The five candidates in Labour's leadership election agree on one thing: the need to "move on" from the backbiting, infighting and psychodrama of the Blair-Brown era.
Their desire to do so has been enhanced by this week's publication of Peter Mandelson's memoirs, which display New Labour's pettiness, jealousies and rivalries in inglorious technicolour.
Without irony, Lord Mandelson tells us he could not tell his story without describing "the occasional soap-opera aspects" of the relationship between the Three Musketeers – Mr Blair, Mr Brown and himself. Occasional? This soap opera ran daily from 1994, when Mr Blair overtook the long-time front-runner Mr Brown to become Labour leader. The final episode was in May when Mr Brown left Downing Street, becoming the "tail-end Charlie" he feared would be his destiny from the moment he decided not to run in 1994.
With all the nastiness, plots and destabilisation, it is a miracle that Labour got anything done in office, let alone that it won three general elections. Mr Brown managed to be Britain's most powerful Chancellor while devoting the other half of his brain to scheming how to prise Mr Blair out of No 10.
Mr Blair somehow governed the country while looking over both shoulders for a Brownite knife and, in his later years, stringing his Chancellor along, pretending he was ready to hand over power when he intended to carry on and hoping another successor would emerge. Lord Mandelson rather skates over this and it will be interesting to see whether Mr Blair admits, in his own autobiography in September, that he did not want his Chancellor to succeed him.
Somehow, New Labour kept the show on the road. Often by issuing 24-carat denials when people like me wrote stories about the latest Blair-Brown row or split. Lord Mandelson has already had plenty of flak from within the Labour camp for writing The Third Man. No doubt he was partly motivated by money and had a few scores to settle. But, among all the blood and guts, there is an important message to his own party which it ignores at its peril.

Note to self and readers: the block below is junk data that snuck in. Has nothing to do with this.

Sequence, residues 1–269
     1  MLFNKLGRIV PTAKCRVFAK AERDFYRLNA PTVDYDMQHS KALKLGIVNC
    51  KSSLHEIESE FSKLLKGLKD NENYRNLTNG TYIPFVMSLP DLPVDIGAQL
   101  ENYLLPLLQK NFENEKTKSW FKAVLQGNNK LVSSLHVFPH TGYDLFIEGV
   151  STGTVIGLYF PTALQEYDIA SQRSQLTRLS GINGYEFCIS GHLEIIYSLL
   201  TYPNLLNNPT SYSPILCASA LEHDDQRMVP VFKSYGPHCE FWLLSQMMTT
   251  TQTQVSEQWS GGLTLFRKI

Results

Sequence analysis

Labour's policies will inevitably change and, hopefully, the new generation will manage to avoid the vicious personality battles of the past 16 years. At least the party is having a proper leadership contest this time and the winner will have a mandate. Lord Mandelson, desperate to avoid a TB versus GB showdown in 1994, now admits it should have happened because Mr Brown felt cheated out of the prize. In 2007, Mr Brown ran a leadership campaign against ... well, no one but himself. Mad.
But a mandate to do what? The five candidates deliberately avoid the fundamental question in British politics – how to cut the £155bn public deficit. They do not want to alienate those whose party votes they seek, arguing that they can seek the votes of the electorate later.
If anything, Labour sends a signal to the public that it is going backwards. Ed Balls, the shadow Education Secretary, said this week that Labour's election pledge to halve the deficit in four years was "a mistake", adding: "I don't think it could have been done." Alistair Darling, whose pre-election battle with Mr Brown over the need for cuts is a fascinating part of the Mandelson memoirs, insists his strategy could have been delivered. But some Treasury officials doubt that a re-elected Brown government would have had the stomach for cuts of 20 per cent across the board.
Labour thinks it can now leave the dirty work to the Tories and the Liberal Democrats. It is wrong. "Fight the cuts" is a tempting slogan for the Opposition. But, as the Blairite shadow Business Secretary Pat McFadden told the Fabian Society on Wednesday, Labour can't wish the deficit problem away.
"People will still want to know what we would do differently," he argued. "The Tories and Lib Dems ... want Labour to retreat to its comfort zone and allow them to say that they alone are capable of facing up to Britain's problems." He said the choice for Britain was not simply the "echo of Thatcherism" offered by the coalition or "denial".
Similarly, Lord Mandelson fears his party is in danger of slipping back into the "either/or" mentality which pre-dated New Labour, which sees markets as all bad and government actions all good. He hopes his book will remind the new generation that the right strategy is the "politics of and", which means finding new ways to harness the private sector to deliver public services – and cut the deficit.
It might be music to the ears of the coalition as departments deliver their options for cuts of up to 40 per cent to the Treasury this weekend. But it is not a tune that Labour wants to hear.
Like it or not, the Labour leader elected on 25 September will have to listen. Of course the party needs to "move on" from the Blair-Brown era; it went on long enough. And yet the next leader will find that many of the dilemmas and tough choices that were faced by New Labour remain exactly the same – not least, how to live in the real world in order to regain power rather than settle into the comfort zone of opposition.